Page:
By Courtney Emken
co-written by Jen Larson, KPA-CTP, and Amanda Ott, CPDT-KA
Sometimes you know you need a dog in your life, but aren’t sure whether you’re ready to adopt just yet. Adoption is an incredible commitment. You’re signing on to be an animal’s caretaker for the foreseeable future, and many of us simply aren’t in stable enough living situations to be comfortable bearing that long term responsibility.
Luckily, there’s a solution. Fostering presents an amazing opportunity for both the owner and the foster dog, without the years-long commitment of actual adoption. In this article we’ll detail what kind of responsibilities fostering entails, and provide tips and advice for would-be fosters through a series of questions to ask before making your decision.
5 Questions To Ask Yourself Before Fostering A Dog
Most of us at DogBoy’s have fostered before, and we’ll be sharing advice, tips, and tricks that we’ve learned from our experiences. However, fostering is ultimately a very personal decision that relies on understanding your needs and capabilities. These questions should help guide you towards making that critical decision.
Do I Have The Time To Care For A Dog?
Even though fostering is a much lower time-commitment than adoption, your foster dog will still demand a portion of your time and energy every day. While you can use puzzle toys and other treats to provide mental enrichment in your absence, you still need to interact, exercise and play with your dog for them to have a fulfilling life.
Do I Have The Resources To Feed And Shelter A Dog?
You’ll need to provide your foster dog with food, shelter, and space appropriate to their breed. If you’re fostering a little Chihuahua, then you won’t be breaking the bank to keep them well-fed. But larger breeds like German Shepherds and Labs can rack up expensive dinner bills.
Similarly, if you live in a small apartment then that Chihuahua is going to feel comfortable, but a German Shepherd (especially a younger one) will be cramped and bored. A lack of mental and physical stimulation can lead to destructive behavior, so be sure you have the kind of space that your foster dog requires.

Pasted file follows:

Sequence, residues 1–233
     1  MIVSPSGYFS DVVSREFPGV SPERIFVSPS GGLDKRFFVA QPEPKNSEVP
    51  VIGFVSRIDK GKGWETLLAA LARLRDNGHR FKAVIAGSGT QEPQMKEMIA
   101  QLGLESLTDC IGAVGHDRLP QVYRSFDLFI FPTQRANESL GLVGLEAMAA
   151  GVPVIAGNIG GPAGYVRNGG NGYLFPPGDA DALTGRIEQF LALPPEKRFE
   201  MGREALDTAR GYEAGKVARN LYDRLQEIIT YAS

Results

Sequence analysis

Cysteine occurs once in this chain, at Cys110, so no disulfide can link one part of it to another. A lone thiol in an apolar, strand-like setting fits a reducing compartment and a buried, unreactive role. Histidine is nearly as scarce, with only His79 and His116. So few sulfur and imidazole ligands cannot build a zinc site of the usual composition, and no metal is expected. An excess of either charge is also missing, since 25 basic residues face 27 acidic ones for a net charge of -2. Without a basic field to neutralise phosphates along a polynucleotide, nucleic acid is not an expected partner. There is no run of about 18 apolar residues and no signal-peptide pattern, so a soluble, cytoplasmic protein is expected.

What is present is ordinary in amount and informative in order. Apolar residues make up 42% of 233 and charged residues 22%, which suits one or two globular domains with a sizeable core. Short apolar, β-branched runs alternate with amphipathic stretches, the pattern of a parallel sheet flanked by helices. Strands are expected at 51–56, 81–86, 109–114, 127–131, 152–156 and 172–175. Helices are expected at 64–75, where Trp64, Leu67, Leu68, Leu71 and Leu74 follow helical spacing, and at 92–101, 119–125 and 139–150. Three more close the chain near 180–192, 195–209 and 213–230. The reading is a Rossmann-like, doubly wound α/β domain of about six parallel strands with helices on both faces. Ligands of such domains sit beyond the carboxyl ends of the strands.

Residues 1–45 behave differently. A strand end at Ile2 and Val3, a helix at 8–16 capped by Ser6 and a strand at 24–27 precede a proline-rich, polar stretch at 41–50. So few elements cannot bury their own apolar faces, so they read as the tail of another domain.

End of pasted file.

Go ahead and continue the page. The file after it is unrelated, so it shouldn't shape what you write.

Foster dogs, like fully adopted dogs will also require veterinary care and boarding. Both services can get costly, depending on their health and how often you travel, so be sure you have the financial resources for these services before committing to foster a pet.
Does My Potential Foster Dog Match My Lifestyle?
As we just mentioned, a German Shepherd is not going to be happy in a cramped apartment with nothing to do. In the same way, a tiny lap dog won’t be able to join you on long distance runs or go hiking through the wilderness with you.
When choosing a dog to foster, make sure the breed’s temperament and activity level is harmonious to your own. Check out our article on how to pick the right dog to get a better idea of what breed will match your lifestyle.
Also, don’t be afraid to ask the organization you’re fostering with to pair you with a dog. Tell them what your schedule, lifestyle, living arrangements and availability look like to help them find a candidate who’ll work best for you.
For example, Amanda used to commute to work, having her gone over nine hours a day, which is typically too much time for dogs to be left alone. That’s why the shelter recommended that she just foster Heartworm-positive dogs. These dogs simply needed a place to stay settled and someone to take them to their vet appointments; and Amanda was more than happy to provide that.
Am I Fostering In Order To Find An Adoptable Dog?
Fostering is a great way to provide both temporary companionship and allow would-be owners find the perfect pal. However, if you do find a foster that you want to permanently adopt, be prepared to have significantly reduced fostering options in the future. If you’re more interested in adopting rather than fostering, we recommend that you check out our adoption article.
Do I Have Access To Support Networks And Other Resources?
One of the most common issues we see with foster owners is that they aren’t adequately prepared for foster dogs who have more serious behavioral problems than anticipated. Without access to local support organizations and positive reinforcement trainers, foster pet parents can easily become overwhelmed.
Why DogBoy’s Loves Fostering
There’s so many positives to fostering a dog and, if you’re properly prepared, very few drawbacks. You’re giving a fighting chance to the many animals don’t do well in shelters, like:
- Geriatric dogs and cats
- Puppies and kittens
- Pets with chronic illnesses
By fostering, you’re saving one animal from the shelter environment and making a space available for one who’s stranded on the streets. Plus, it only takes a few weeks of shelter and care to forever change a foster pet’s life and improve their well being.
If you have more questions about fostering, or want more specific advice, please contact us today. We’ve been through the fostering experience time and time again, and we’d love to help you get started.